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ARS Home » Plains Area » Las Cruces, New Mexico » Range Management Research » Research » Publications at this Location » Publication #390604

Research Project: Science and Technologies for the Sustainable Management of Western Rangeland Systems

Location: Range Management Research

Title: Agroecoregions resulting from novel clustering methods: Human dimensions variables

item Hurst, Zachary
item Archer, David
item Coffin, Alisa
item FRIEDRICHSEN, CLAIRE - University Of Idaho
item Van Huysen, Tiffany
item Goslee, Sarah
item Pisarello, Kathryn
item WULFHORST, J. - University Of Idaho

Submitted to: US-International Association for Landscape Ecology
Publication Type: Abstract Only
Publication Acceptance Date: 1/1/2022
Publication Date: 4/14/2022
Citation: Hurst, Z.M., Archer, D.W., Coffin, A.W., Friedrichsen, C., Van Huysen, T.L., Goslee, S.C., Pisarello, K., Wulfhorst, J.D. 2022. Agroecoregions resulting from novel clustering methods: Human dimensions variables. US-International Association for Landscape Ecology. Abstract.

Interpretive Summary:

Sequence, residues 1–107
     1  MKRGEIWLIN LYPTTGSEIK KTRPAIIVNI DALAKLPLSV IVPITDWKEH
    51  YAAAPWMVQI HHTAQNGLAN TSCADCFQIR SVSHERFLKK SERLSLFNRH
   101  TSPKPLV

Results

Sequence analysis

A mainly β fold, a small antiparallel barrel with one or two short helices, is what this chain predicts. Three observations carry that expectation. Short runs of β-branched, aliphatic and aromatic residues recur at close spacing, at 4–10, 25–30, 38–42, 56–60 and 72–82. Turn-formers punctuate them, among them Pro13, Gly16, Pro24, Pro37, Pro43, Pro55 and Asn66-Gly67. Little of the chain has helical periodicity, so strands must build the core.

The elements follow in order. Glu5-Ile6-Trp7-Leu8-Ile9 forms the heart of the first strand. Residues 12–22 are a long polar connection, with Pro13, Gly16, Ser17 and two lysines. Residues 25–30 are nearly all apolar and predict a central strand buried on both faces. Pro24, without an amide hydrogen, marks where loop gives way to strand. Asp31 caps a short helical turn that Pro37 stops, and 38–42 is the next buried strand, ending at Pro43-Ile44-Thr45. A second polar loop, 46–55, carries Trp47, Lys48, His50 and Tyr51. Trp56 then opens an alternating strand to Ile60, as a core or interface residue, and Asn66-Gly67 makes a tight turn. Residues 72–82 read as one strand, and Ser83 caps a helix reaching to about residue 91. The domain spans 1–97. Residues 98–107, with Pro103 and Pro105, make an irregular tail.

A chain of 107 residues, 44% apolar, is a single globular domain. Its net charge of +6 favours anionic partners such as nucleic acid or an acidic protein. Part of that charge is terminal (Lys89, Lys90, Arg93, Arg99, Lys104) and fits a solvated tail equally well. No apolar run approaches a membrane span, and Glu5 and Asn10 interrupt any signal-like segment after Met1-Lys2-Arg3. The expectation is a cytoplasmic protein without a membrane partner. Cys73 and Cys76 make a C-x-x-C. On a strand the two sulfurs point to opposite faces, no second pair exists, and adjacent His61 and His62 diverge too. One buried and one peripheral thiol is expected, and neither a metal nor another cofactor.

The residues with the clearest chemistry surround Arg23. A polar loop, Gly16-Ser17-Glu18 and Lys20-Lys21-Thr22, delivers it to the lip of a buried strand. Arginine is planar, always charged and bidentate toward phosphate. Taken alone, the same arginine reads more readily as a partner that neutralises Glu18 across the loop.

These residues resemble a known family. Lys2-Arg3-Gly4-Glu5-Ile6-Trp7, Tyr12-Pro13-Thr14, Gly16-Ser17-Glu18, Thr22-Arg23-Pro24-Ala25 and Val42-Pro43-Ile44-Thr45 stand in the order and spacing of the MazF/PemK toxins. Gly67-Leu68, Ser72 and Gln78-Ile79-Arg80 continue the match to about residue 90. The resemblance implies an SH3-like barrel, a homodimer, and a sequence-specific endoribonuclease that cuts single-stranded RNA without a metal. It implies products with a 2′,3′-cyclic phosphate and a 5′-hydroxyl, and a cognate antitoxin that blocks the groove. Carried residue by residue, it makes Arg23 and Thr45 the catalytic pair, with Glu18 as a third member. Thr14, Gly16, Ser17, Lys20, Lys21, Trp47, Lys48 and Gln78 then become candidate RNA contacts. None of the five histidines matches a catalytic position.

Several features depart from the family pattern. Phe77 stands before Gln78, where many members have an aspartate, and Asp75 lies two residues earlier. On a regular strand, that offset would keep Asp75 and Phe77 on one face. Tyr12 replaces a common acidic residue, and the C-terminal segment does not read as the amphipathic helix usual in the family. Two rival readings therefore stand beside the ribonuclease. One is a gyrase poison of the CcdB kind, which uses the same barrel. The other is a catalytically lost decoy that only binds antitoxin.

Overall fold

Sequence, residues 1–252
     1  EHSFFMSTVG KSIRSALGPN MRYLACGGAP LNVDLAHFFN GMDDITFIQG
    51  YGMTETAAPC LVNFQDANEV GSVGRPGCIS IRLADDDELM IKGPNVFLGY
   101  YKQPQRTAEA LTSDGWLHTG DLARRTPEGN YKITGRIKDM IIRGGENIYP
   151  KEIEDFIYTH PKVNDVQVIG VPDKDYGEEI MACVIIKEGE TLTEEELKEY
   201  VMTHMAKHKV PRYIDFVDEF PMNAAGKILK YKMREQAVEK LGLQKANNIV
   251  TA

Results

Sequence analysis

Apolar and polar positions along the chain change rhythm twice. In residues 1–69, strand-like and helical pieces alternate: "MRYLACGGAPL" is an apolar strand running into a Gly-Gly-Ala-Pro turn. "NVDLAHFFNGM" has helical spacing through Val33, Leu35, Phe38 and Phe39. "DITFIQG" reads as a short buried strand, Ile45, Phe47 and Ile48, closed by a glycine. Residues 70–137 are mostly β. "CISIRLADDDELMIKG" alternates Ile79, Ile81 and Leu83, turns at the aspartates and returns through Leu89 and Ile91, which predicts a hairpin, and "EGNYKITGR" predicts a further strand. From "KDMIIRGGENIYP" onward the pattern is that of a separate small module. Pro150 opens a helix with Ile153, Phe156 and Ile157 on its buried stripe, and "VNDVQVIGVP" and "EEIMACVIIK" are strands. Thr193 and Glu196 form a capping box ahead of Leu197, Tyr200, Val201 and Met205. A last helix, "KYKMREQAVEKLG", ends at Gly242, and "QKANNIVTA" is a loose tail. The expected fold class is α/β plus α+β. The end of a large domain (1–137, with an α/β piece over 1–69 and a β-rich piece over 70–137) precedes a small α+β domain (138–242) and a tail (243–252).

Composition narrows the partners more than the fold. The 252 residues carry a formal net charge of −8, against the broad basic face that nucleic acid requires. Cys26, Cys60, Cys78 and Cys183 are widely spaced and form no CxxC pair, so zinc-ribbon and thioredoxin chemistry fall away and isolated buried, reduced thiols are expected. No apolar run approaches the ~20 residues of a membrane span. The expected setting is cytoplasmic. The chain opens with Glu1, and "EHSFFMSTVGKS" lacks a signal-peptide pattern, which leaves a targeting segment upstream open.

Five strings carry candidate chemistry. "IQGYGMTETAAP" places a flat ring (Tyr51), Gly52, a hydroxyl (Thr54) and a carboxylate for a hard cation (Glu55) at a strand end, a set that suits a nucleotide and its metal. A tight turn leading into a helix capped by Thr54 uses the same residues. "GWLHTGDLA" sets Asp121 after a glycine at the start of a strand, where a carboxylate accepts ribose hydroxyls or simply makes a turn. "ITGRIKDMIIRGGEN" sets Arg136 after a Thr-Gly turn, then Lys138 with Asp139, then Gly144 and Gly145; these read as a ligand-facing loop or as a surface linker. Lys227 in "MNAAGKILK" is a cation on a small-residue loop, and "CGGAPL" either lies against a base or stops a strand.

Technical Abstract: Identifying agroecoregions defined by  variables related to human dimensions  is useful for applied agricultural research and understanding how communities may interact with working landscapes.  We pinpointed human dimension variables to be clustered and ultimately synthesized with two additional study domains, production and environment, to map agroecoregons in the continental United States (CONUS). We based our selection of human dimensions variables on social-ecological systems frameworks. We evaluated six different socio-ecological frameworks with respect to their applicability to spatial analysis of agroecosystems.  Based upon our framework selection criteria, we chose to use the Ostrom Social Ecological Systems Framework (SESF) to guide our selection of human dimension variables.  Using a literature review and existing datasets, we identified candidate county-level clustering variables within the Tier 2 level of the Governance and Actors SESF categories. We then scored each variable based on its applicability within the SESF as well as the quality and availability of data to represent the variable; the top scoring variable in each Tier 2 category was used as inputs to the clustering algorithms. Clusters were derived using a combination of 14 different algorithms and 2-30 clusters and then mapped. We selected the final algorithm and number of clusters based upon interpretability and complementarity with other analyses (e.g., production and ecological regions). We used the means of variable values in each cluster to provide a characterization of these resulting regions as related to the human dimensions of agroecosystems.  Our analyses and resulting boundaries are critical for improving our understanding of agricultural management within a broader context that considers social and ecological systems. With an integration of human dimensions, we can better understand the landscape processes that contribute to management outcomes.